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Miller: They’re in control, but Dems can’t agree on pension reform

Updated: April 12, 2013 6:23AM



Illinois House Speaker Michael Madigan was hoping Thursday to avoid the same dismal results as the previous week when he presented some new, and harsh, pension reform ideas.

The week before, one of his pension proposals received just one vote, his own. None of his other proposals got more than five votes.

That wasn’t supposed to happen. Members of his leadership team thought some of those amendments would get at least a few dozen votes. Oops.

Making matters worse, the House Republicans refused to participate in the process, with not a single member voting up, down or “present” on Madigan’s amendments.

Asked on Wednesday’s “Illinois Lawmakers” television program about the GOP’s refusal to vote, Madigan (D-Chicago) said the Republicans had made a “mistake.”

“They’re elected,” Madigan told host Jak Tichenor. “And their electors tell them to come here and vote. They don’t tell them to come here and not participate.”

The Republicans have said their refusal to vote was in protest over Madigan running so-called “gotcha” amendments that were designed solely to make them look bad and provide fodder for negative advertising campaigns.

But in reality, the GOP is going to get zinged no matter what. Refusing to vote on a series of controversial bills easily could be turned into a nasty ad program.

Last week, however, party discipline cracked a little when two House Republicans broke ranks and voted for a Madigan-sponsored amendment to cap the “pensionable” income of government workers at Social Security’s taxable income cap.

That means no further pension benefits can be earned by a state employee making more than $113,000, or whatever Social Security sets the level at in the future.

Reps. David Harris (R-Arlington Heights) and David McSweeney (R-Barrington Hills) both voted “yes” on the amendment, while all other Republicans refused to vote.

McSweeney also voted “yes” on two other Madigan amendments — freezing cost-of-living raises for 10 years and requiring active employees to chip in an extra 4 percent of their pay for their pensions.

Like the week before, when Madigan introduced similarly extreme measures, those two amendments got just a few votes.

A more comprehensive pension reform plan sponsored by state Rep. Elaine Nekritz (D-Northbrook) and House Minority Leader Tom Cross (R-Oswego) is expected to move through a committee this week.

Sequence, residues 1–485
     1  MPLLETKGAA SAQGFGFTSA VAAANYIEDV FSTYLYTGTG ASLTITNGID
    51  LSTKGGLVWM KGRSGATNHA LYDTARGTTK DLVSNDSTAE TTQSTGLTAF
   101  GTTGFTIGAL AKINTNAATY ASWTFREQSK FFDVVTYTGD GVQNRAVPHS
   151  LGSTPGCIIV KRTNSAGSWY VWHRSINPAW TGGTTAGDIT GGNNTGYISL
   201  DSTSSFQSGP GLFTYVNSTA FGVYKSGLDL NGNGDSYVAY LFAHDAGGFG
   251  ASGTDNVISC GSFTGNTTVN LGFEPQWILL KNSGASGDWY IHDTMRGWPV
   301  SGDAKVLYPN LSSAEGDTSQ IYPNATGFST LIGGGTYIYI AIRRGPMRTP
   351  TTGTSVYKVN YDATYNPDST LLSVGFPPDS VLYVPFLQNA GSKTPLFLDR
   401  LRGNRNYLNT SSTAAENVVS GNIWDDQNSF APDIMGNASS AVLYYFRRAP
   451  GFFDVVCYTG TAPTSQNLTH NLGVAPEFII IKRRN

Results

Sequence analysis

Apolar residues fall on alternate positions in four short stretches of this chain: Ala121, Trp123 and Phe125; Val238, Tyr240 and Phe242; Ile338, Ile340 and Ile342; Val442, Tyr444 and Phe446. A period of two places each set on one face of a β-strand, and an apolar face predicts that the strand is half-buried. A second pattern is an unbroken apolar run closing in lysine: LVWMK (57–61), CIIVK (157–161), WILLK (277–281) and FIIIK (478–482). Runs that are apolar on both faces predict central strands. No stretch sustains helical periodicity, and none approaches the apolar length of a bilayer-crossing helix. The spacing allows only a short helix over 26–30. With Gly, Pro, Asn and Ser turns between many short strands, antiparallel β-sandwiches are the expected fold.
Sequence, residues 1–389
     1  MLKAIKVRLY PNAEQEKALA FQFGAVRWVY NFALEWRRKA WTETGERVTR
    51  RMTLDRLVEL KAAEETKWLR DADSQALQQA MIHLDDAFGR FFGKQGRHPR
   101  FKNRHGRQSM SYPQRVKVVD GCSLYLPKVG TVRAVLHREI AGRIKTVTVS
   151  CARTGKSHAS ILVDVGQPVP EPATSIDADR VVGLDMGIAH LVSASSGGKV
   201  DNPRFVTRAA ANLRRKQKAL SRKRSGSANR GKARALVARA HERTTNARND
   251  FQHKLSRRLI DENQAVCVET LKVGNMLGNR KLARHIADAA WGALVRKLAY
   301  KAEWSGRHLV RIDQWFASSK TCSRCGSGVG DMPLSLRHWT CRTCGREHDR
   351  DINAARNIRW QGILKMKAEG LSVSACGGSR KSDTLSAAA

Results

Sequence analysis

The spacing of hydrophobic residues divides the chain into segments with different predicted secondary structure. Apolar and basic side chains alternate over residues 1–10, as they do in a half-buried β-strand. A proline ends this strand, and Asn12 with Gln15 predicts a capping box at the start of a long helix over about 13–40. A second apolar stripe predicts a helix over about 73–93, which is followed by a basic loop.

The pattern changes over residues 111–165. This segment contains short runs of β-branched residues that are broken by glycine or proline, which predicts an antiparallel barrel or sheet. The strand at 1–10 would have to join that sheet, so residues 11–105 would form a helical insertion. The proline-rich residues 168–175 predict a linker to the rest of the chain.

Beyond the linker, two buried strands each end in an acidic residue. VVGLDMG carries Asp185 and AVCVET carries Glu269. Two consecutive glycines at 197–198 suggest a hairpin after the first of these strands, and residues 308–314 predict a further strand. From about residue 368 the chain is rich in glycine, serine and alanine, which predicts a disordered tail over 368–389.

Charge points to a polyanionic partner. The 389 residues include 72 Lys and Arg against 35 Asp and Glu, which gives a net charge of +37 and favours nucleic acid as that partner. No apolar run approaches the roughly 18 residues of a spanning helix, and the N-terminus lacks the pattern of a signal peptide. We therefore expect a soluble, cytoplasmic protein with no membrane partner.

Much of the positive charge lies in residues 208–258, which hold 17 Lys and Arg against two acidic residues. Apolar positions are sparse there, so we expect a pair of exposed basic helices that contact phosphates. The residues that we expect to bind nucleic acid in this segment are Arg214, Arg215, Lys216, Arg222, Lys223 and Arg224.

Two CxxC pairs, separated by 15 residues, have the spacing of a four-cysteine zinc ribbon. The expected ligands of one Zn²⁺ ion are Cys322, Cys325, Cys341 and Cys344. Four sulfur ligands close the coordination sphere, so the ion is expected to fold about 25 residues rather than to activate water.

But don’t expect a floor vote any time soon. Cross’ people said publicly that they have 30 votes for the bill, but some insiders are saying otherwise, with one claiming that the number is more like 20. The Democrats may not even have that many.

While the Democrats have a super-majority in the House, they aren’t closer to passing a major pension reform bill now than in the past. Most Democratic legislators by nature just don’t like the idea of forcing cuts on retirees or making them pay more for health insurance or slapping workers with higher pension payments.

And to see how this pension reform problem is stacking up, you might want to take a look at last week’s roll call on a bill to allow people convicted of drug-related felonies to get cash from the Temporary Assistance for Needy Families program.

The bill received 36 “yes” votes, with 80 voting “no.” The roll call provides a pretty good road map for where the real liberals are in the House. The “yes” votes were generally the folks who would be far less willing to cut retiree pensions and to favor alternative solutions such as tax increases and placing the burden on the affluent.

So, doing something like capping pensionable income at $113,000 per year makes sense to most of those more liberal Democrats. Just two members who voted for the TANF drug felony bill voted against the income cap.

Rep. Naomi Jakobsson (D-Urbana) was one of them, for obvious reasons. She has lots of highly paid University of Illinois employees in her district.

“My sense of the attitude of the members of the Legislature is that they’re not yet ready to take this difficult step (voting for pension reform),” Madigan said on Tichenor’s program, adding that he’s holding the pension votes to “better educate the members of the House and the Senate.”

The bottom line is that it’s going to be a while before legislators are “educated” enough to get to a resolution of this very thorny pension issue.

Rich Miller also publishes Capitol Fax, a daily political newsletter, and CapitolFax.com.



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